The protaganist

Books - vector illustration

In any library or book shop the books are divided into sections.The main division is between fiction and non-fiction, although really when you think about it, there’s no hard and fast difference between the two.

Because if it’s true that writers mostly write about what they know, then it follows that there’ll be a fair amount of subjective fact to be found in any fictional book. And non-fictional work, being open to individual interpretation is also often a matter of context, opinion and personal experience.

Even the most precise of scientific theories can only be classified as fact until such time as the next paradigm shift rears it’s revolutionary head.

This makes it easy for us to head towards our preferred reading matter and most people do have a preference for one or more type of book. Those of us who prefer to watch a movie are also usually drawn to some genres more than others, be it action or period drama, romance or thriller, fantasy or science fiction.

And you might think it’s just a matter of taste and there’s no real significance to the types of stories we gravitate towards. However research suggests there’s much more to it than that.

Because when we relate to a character, situation or a setting it doesn’t really matter to our unconscious mind whether the story we’re being told is true or not. Our imagination is fired. And the brain doesn’t know the difference between what’s real and what’s imagined.

So when we escape into a fantasy, as far as our unconscious mind is concerned it’s as if we become the character to whom we relate.  We can be the hero, the villain, the maiden in distress or the loveable rogue.

And when you look back over your life it’s possible that there could be a connection between the stories you enjoy now and the ones you enjoyed as a child.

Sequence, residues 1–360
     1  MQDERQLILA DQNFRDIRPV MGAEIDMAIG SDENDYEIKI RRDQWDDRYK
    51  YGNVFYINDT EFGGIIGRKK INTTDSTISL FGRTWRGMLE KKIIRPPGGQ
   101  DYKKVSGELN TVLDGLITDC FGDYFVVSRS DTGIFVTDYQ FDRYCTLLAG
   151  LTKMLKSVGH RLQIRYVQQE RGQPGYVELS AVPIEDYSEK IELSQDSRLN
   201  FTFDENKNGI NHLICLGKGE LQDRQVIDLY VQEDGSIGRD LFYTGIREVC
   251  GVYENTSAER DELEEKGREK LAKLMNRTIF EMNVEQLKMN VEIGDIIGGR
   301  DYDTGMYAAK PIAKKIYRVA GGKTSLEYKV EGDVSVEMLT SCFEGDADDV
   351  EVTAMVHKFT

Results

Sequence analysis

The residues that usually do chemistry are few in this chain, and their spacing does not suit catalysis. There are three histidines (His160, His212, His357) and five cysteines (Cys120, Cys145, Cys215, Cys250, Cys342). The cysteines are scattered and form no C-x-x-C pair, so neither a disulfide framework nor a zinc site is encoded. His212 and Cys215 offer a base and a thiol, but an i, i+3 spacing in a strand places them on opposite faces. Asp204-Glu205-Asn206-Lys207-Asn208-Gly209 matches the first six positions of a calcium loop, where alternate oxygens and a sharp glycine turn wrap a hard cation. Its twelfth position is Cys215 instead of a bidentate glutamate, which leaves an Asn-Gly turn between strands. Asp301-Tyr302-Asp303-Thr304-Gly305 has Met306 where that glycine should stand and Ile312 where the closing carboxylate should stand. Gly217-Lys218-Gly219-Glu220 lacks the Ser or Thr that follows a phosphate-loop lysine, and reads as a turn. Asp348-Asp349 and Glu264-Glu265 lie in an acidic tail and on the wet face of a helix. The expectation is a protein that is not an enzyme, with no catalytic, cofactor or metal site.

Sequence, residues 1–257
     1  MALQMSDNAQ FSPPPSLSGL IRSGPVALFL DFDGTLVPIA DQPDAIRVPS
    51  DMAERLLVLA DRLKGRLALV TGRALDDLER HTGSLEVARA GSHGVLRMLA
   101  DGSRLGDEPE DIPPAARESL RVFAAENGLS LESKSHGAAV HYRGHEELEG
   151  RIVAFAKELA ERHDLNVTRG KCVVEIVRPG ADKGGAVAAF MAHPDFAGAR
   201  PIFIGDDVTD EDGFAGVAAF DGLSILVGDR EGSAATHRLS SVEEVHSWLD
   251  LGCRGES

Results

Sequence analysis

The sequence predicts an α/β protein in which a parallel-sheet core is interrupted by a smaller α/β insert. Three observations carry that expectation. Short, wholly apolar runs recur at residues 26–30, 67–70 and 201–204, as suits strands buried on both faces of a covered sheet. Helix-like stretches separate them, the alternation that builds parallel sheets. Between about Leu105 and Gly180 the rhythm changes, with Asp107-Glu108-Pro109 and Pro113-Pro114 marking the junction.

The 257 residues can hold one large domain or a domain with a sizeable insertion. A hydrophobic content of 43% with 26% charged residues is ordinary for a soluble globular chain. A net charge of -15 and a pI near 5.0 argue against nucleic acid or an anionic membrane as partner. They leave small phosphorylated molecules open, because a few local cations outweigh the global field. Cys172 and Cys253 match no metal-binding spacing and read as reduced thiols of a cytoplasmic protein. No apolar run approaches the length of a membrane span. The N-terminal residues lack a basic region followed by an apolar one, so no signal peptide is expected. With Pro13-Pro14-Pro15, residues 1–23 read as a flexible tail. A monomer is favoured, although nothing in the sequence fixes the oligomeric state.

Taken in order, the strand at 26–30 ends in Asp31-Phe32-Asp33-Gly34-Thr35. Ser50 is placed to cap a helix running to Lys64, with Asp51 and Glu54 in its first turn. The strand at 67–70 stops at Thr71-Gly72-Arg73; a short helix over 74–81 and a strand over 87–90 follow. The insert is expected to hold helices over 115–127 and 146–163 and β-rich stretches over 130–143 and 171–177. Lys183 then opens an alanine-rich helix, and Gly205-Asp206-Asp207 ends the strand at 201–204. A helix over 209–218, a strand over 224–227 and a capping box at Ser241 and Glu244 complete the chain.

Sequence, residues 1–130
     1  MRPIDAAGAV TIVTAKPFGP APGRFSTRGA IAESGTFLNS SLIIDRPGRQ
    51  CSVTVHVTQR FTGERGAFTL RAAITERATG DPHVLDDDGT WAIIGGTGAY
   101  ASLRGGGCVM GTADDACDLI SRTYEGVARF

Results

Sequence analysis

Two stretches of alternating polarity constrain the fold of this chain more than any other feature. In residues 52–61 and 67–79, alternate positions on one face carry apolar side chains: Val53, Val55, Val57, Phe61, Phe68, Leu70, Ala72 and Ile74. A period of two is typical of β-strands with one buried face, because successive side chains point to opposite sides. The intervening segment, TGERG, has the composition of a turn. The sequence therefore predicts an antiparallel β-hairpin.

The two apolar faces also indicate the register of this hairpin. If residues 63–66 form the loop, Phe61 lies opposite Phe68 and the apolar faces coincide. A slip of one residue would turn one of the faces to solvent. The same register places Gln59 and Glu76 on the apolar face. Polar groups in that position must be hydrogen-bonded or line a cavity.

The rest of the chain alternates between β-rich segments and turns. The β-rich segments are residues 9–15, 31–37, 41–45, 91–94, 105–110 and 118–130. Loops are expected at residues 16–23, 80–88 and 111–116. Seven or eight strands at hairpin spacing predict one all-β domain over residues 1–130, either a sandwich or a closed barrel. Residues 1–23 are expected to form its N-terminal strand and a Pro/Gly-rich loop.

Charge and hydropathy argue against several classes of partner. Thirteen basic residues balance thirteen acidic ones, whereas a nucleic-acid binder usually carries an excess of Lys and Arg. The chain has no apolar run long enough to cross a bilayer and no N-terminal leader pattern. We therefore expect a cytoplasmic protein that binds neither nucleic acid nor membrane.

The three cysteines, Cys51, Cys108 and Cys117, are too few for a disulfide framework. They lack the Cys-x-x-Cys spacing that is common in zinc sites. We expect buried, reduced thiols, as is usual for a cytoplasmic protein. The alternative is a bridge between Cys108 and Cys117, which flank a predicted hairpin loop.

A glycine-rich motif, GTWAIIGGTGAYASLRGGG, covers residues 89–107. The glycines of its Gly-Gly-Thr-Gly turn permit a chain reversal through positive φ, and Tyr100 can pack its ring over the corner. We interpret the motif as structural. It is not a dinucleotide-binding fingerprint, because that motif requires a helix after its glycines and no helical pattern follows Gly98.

The connection isn’t always obvious and it might not even be the main character that you relate to. It might be something about the relationship between the characters, or something about the setting, or in fact, any kind of common thread that strikes a chord somewhere within your psyche.

And when it does, and something inside you relates emotionally to a character or a situation, your unconscious mind reacts as if it were really happening to you, and in your imagination, for a while at least, you are living that story and on some unconscious level it becomes your own.

We all know that children are impressionable. Their brains are developing physically right through to adulthood (if the process ever stops at all). Children usually love to hear the same story over and over and the character and storyline they identify with can often become part of their personal identity and the way they experience the world they live in. For example if a girl identifies with the typical princess of fairy stories, who waits passively to be rescued by a handsome prince, could this mean she grows into a woman who feels she doesn’t have the ability to solve her own problems?

The beautiful but victim-like princess becomes a metaphor for herself and the handsome prince a metaphor for her rescuer.

By identifying our own unconscious metaphors we can learn to let go of any unhelpful patterns and begin our life story anew.

It can be helpful to think about the following:

  • What stories did you enjoy as you were growing up?
  • What books and movies do you enjoy as an adult?
  • Is there a connection between the two themes?
  • How does this connection relate to your life so far?

 

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